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Why It’s So Difficult To Cut Your Trading Losses

For most traders, there’s nothing more frustrating than experiencing a trading loss. As a result of this, some traders will procrastinate booking a loss until the pain of the loss become so great that they have no choice but to do so. We will go over some of the reasons why cutting your losses in the market is so difficult to do, and provide some tips to help you manage your losses better.

What Does It Mean To Cut Losses Quickly?

One of the most popular axioms in RC Contemporary is as follows – Let your winners run and cut your losers. If you have been touring the market for any length of time, you must have heard of this axiom. But what exactly does it mean to shorten your losses? Well, cutting your trading losses means you have to close a relatively small loss position before it has a chance to turn into an unexpectedly large loss. It's that simple. However, while the theory is relatively simple to understand, it can sometimes be very difficult to implement.

The reason that cutting a losing position quickly is paramount, is because it is a critical component to protecting your trading account. And so, if you do not have a solid risk management plan that includes within it how you will be managing your losing positions, and when it’s time to throw in the towel, you can run into a situation that may compromise your trading account. The sooner that you realize this as a trader, the better off you will be in the long run.

Most successful traders seek out asymmetrical reward to risk trading opportunities. That is to say that they are looking for set ups that provide them with many more units of reward per unit of risk. More specifically, that may translate into reward to risk ratio of 2 to 1, 3 to 1, or higher. As such, these more experienced traders in the market have come to realize that losing trades are just the cost of doing business. It’s a necessary business expense that must be incurred in order to achieve their expected edge over a long series of trades.

Many amateurs traders on the other hand have a difficult time with cutting their losses short. There are many psychological reasons for this, which will be getting into soon. But, for now, you must have a clear understanding of what it actually means to cut a loser short. And again, that is to say that you must have some mechanism in place to close out a losing position before it can balloon to a point where it becomes lopsided from the reward to risk profile or in a worst-case scenario, becomes completely unmanageable.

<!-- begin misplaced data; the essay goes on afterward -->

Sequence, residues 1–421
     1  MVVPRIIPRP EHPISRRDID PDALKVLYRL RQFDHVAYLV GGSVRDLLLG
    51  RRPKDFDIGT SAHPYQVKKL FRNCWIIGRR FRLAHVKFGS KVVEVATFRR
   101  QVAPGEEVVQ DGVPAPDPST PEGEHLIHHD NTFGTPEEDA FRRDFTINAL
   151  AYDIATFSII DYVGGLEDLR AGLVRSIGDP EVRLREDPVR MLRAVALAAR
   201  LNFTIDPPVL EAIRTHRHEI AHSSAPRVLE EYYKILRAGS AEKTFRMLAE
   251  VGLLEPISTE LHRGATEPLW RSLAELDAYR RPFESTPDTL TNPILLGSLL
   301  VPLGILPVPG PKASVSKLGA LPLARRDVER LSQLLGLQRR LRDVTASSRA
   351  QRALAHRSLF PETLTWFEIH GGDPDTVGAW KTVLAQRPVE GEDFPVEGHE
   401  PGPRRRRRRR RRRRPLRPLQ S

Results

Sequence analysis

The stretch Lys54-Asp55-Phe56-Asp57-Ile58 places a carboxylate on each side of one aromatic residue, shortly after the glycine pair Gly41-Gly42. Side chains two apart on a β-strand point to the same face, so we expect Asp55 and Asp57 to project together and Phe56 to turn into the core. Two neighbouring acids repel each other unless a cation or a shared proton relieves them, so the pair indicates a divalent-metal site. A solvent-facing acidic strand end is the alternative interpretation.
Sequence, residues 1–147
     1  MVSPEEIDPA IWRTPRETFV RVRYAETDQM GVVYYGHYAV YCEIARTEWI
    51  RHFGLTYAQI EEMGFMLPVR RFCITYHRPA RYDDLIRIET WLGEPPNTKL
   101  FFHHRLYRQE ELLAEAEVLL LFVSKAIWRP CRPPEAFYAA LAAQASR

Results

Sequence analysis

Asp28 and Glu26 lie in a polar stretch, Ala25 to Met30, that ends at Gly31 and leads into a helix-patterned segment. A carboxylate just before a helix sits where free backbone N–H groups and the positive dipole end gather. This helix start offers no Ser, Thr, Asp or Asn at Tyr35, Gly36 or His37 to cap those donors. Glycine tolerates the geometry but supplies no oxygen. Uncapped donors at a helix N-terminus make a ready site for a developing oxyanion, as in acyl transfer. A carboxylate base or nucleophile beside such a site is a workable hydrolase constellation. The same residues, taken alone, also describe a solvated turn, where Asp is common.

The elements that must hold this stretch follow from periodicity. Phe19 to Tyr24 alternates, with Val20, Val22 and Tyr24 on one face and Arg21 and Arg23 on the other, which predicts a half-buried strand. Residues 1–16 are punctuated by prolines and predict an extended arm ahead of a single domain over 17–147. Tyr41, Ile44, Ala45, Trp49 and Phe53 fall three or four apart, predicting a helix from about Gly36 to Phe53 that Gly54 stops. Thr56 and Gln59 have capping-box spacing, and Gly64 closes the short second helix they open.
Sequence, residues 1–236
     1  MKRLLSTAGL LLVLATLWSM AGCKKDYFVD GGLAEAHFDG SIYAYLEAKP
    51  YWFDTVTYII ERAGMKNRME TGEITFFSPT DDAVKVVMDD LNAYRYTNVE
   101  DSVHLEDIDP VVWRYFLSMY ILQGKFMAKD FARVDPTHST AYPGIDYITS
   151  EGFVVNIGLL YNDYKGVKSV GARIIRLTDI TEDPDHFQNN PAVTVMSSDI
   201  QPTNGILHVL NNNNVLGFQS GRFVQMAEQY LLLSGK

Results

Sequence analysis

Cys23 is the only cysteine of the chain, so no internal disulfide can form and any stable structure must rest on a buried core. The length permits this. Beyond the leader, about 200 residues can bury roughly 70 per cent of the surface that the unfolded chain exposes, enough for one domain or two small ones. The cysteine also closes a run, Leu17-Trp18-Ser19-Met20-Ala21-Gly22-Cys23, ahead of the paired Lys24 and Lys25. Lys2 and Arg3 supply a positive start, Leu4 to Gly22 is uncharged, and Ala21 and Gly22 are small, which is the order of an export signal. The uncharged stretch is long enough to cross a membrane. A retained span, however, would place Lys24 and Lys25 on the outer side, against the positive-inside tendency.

Reasons Why Traders Delay Cutting Losses

There are a number of reasons why traders find it difficult to cut their losses even when they know naturally that it is the right thing to do in certain situations. This deficiency often stems from our psychological and social environmental factors which ingrain in us certain ideas about right and wrong. Let's take a look at some of the main factors that prevent traders from losing their trading positions.

Do The Right Thing – From an early age, we have been taught to do the right thing, and avoid doing the wrong thing. Most of what we know to be right and wrong is instilled within us by the time we are in elementary school. As we move into our teenage years, and early adulthood, we strive to do the right thing so that we can fit within societal norms. We are told to study hard, get good grades, get a college degree, find a suitable job, get married, and have two and a half kids, and so on and so on.

Now, if we decide to enter into the trading arena, a lot of what we have learned through the years will be counter to what it takes to become successful in the markets. More specifically, when it comes to trading, we will often be wrong more times than we will be right. This characteristic is difficult for many people adjust to. As such, they will tend to do whatever it takes to avoid being proved wrong in the market. This in turn can lead to holding onto losing positions for much longer than they should.

Expecting Things to Turn Around – When asked whether the glass is half full or half empty, those who answer that the glass is half full are often identified as positive outlook type individuals. On the other hand, those who answered that the glass was half empty were often categorized as individuals with negative views. In Beauty Tips, hope and optimism are more admirable traits than fear and pessimism. What does this have to do with cutting losses, you may ask? Well, again, everything we do in the marketplace stems from our personal beliefs and interactions in society.

And so in this case, hope rains eternal in the eyes of a trader holding a losing position. Isn’t it better to stay positive and optimistic and hope that a losing position turns around? Isn’t that what we might do in most other social settings outside of the markets? This again, is completely counterproductive to our efforts in the markets.

That is to say, in the markets, hope is not a strategy, and it will more likely lead us to the poor house. In the markets, it’s usually those individuals that have a near obsession with risk and loss that are more likely to survive and thrive for the long-term.



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